Niamey, Niger - Some four million people in Niger, with a total population of 10 million, are threatened by famine this year due to poor harvests, Rural Development Minister Wassalke Boukari, has revealed.
The Minister told a meeting of agriculture experts in Niamey Tuesday that while Niger's total foodcrop needs are estimated at 2,480,000 tonnes, all the eight regions of the Sahelian country have recorded harvest deficit this year.
The total foodcrop productions are estimated at 2,319,206 tonnes, comprising millet, 1,821,899 tonnes, sorghum, 407,787 tonnes, rice, 60,386 tonnes, corn, 18,384 tonnes and wheat, 10,750 tonnes.
Boukari said the harvest projections take into account yields from irrigated farming and the production prospects in the hydro-agricultural sub-sector.
On livestock, he said production has also been poor all over the country, with a further deficit of 1,800,000 tonnes of dry feed.
To combat the famine, the Minister said the government is planning alternative measures such as expanding irrigated farming over 54,864 hectares for 220,000 farmers.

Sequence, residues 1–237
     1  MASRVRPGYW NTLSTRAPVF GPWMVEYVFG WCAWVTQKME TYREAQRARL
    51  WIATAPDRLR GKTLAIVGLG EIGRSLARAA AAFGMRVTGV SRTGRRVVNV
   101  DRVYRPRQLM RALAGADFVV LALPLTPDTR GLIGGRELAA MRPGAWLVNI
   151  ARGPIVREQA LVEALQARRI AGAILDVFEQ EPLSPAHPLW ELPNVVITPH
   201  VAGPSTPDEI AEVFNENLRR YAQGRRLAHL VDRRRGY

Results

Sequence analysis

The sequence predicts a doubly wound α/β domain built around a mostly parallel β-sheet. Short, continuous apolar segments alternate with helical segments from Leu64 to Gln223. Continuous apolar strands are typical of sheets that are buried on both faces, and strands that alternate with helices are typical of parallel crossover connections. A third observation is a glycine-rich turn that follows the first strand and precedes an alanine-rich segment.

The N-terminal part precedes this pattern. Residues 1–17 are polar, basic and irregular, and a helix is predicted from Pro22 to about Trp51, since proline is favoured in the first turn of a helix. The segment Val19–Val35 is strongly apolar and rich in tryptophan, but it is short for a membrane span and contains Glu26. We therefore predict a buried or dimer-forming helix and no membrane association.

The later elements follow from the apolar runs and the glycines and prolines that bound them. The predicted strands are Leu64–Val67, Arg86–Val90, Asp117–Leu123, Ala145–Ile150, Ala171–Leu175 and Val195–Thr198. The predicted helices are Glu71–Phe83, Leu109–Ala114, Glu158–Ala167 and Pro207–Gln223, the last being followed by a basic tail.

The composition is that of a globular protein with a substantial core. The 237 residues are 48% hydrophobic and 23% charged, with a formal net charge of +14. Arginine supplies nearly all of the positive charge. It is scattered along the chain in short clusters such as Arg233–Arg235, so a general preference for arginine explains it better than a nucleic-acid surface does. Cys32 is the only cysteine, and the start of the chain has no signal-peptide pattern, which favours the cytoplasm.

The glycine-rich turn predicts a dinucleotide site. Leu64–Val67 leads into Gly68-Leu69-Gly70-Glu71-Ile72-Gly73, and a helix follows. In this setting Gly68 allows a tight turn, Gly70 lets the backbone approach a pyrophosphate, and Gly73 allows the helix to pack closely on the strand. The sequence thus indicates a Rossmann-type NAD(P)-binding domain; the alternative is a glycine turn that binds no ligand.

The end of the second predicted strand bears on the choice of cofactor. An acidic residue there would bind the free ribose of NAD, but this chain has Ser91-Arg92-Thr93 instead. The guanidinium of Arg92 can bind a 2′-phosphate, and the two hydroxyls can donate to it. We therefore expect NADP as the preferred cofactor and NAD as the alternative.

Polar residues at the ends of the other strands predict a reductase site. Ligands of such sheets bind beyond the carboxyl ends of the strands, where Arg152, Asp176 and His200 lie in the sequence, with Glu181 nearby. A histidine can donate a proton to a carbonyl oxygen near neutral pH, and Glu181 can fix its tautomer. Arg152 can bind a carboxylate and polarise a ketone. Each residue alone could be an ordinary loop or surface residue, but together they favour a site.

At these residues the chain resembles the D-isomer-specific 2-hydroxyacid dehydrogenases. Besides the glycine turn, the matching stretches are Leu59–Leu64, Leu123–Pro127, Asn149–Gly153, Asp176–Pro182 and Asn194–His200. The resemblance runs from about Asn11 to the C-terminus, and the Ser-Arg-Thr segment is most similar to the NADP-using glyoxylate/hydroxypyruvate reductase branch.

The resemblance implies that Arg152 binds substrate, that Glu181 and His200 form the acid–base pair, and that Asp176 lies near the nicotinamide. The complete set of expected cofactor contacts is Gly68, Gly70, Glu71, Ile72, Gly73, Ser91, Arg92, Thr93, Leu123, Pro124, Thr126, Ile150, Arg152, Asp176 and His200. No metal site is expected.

This is expected to yield additional 168,000 tonnes of foodcrop at an estimated cost of more than one billion CFA francs (750 CFA francs=1USD).
The government also plans to create cereal banks, set up security stocks and implement manpower-building projects in the country.
Tuesday's meeting on the mechanism for the prevention of food crisis in Niger examined the poor results of the 2000 farming season with a view to finding solutions to food deficit of 163,000 tonnes recorded this year.
The meeting of specialists from various departments of the agriculture sector, non-governmental organisations and donors operating in rural areas, focused on the results of the farming campaign and proposals to avoid the looming food crisis in the country.